01 | The Methodology
Effectively reading your textbook is like creating a drawing.
The first step we take should be getting an overview of what we are about to read. This is equivalent to an artist drawing an outline. In the same way an outline sets up the boundaries of a drawing, a mental overview sets up the boundaries of what we are about to learn. An outline helps you determine what the final product will look like without the details. For example, in step 1 of the image above we know that the final image will be a human. We just don't know all the details yet. Now, I can research or look up YouTube videos on all the different types of eyes and hairstyles I can draw to make it unique, but the final image will still be a human. It won't be a giraffe, for example. Taking a few minutes to do a mental overview of the textbook chapter or section you are about to read accomplishes the same goal. For example, maybe you are reading a chapter on Newton's laws. After reading the headings and the summary sections at the end, you might determine that this chapter will cover only the first law:
Now you have an idea of where this chapter starts and ends, although you don't know the details yet. You have an outline. I think it's easy to underestimate this step. Most students will just go straight into reading a chapter but I'll give you an analogy for why that is a bad idea. Imagine that you are a runner and that I am your coach. I say to you, "Okay keep running and I'll tell you when to stop." A minute goes by and you look at me. I shake my head. Two minutes go by and I haven't said anything. Ten minutes. Twenty. Sixty. At some point during that workout, you are going to start holding back. You have no idea when I am going to say, "Stop!" Now, imagine that I said, "Let's run for 20 minutes, take a 5 minute break, run for another 20, and then call it a day." You will be ready to go hard because you know the limits. If you know the boundaries of what you are studying, you will focus at a higher level than if you didn't.
The next step is to fill in the outline with some details. This is done by actively reading the textbook. The final step is to reflect over what you just learned. This is equivalent to outlining the drawing in black marker and colouring it in.
So, the 3 steps to effectively and efficiently read or study from a textbook are:
- Mentally Prime.
- Actively Read.
Let's go into some more detail for each of those steps.
02 | MENTAL PRIMING
Reading a textbook is not like reading a novel. There are no twists and turns, and you aren’t hoping to be surprised. For the most part, the information doesn’t change. You are free to skip over sections that you think you already understand. Therefore, it’s actually a good idea to look ahead in the chapter and see exactly what you are going to go over. Read all the headings and the summary at the end of the chapter (if there is one). Skim over the questions at the end of the chapter. I talked a bit about mental priming in my “How to Take Good Notes” article. Essentially, by getting a general overview of the topic, you are "priming" your brain. Your brain will absorb important ideas more easily because it has seen them before. I would also recommend explaining out loud, to yourself, what you think the topic is about. This will help you realize any gaps in your knowledge which you will aim to fill in the next step.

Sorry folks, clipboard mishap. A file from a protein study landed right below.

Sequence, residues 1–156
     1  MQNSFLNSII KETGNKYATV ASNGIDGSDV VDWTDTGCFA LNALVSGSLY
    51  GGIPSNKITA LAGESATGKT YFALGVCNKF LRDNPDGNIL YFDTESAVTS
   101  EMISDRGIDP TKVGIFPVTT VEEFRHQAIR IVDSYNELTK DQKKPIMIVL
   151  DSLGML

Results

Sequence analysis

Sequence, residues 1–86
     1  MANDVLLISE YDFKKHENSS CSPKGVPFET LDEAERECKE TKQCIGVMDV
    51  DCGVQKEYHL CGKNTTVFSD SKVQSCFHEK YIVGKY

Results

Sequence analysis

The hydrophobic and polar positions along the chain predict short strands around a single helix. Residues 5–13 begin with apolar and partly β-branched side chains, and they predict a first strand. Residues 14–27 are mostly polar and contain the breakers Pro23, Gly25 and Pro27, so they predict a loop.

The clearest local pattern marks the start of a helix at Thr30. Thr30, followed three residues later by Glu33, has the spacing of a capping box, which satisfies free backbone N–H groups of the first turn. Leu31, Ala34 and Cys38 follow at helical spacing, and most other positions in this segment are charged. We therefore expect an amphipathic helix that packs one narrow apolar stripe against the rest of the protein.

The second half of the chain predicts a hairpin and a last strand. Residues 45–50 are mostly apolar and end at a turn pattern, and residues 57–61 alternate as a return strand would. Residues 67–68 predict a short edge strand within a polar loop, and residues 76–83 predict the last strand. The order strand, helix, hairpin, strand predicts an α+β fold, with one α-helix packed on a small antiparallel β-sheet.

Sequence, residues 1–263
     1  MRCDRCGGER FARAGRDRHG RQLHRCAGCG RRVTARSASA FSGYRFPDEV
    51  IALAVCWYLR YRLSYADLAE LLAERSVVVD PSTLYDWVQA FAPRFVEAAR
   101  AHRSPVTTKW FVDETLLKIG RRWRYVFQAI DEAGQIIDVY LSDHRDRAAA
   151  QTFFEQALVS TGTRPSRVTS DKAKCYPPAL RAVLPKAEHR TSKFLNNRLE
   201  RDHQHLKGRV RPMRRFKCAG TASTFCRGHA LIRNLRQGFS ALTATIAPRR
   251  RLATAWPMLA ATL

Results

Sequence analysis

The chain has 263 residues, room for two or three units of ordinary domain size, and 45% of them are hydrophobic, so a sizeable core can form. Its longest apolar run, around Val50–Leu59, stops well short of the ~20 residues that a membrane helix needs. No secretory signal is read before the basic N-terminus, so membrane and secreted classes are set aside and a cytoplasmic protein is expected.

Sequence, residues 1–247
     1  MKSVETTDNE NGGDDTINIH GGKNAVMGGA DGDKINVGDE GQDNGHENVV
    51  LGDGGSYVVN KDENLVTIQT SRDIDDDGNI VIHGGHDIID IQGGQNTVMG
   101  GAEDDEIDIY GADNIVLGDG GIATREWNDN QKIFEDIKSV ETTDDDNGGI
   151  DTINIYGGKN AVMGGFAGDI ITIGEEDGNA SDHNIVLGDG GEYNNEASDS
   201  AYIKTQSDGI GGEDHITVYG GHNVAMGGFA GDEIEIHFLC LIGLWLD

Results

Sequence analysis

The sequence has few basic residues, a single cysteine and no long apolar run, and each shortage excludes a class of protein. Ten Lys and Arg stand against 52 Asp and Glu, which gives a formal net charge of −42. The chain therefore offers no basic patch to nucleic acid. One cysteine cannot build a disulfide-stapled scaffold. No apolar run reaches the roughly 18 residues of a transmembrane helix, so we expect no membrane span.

03 | READ ACTIVELY
Now, you have set up the boundaries of your reading session. You have an outline. The next step is to fill in the details. You do this by reading actively. Here are some tips for being an active reader:
- Read in small chunks of only a few pages or a sub-section at a time.
- Highlight keywords. Try to be as minimalistic with your highlighting as possible (only 1 or 2 main ideas per page).
- Take notes on key topics using the Cornell method.
- Come across a really important page that you want to reference later? Flag it.
- Most importantly, re-explain what you are reading, out loud, to yourself in your own words. You will probably get the most "bang for your buck" if you can re-explain what is going on in an example problem.
Yes, it might feel silly. Especially, if you are reading out loud in public. Please don't read out loud in the library. But, it will really help you solidify what you know and don't know. Reading out loud might go a little something like this: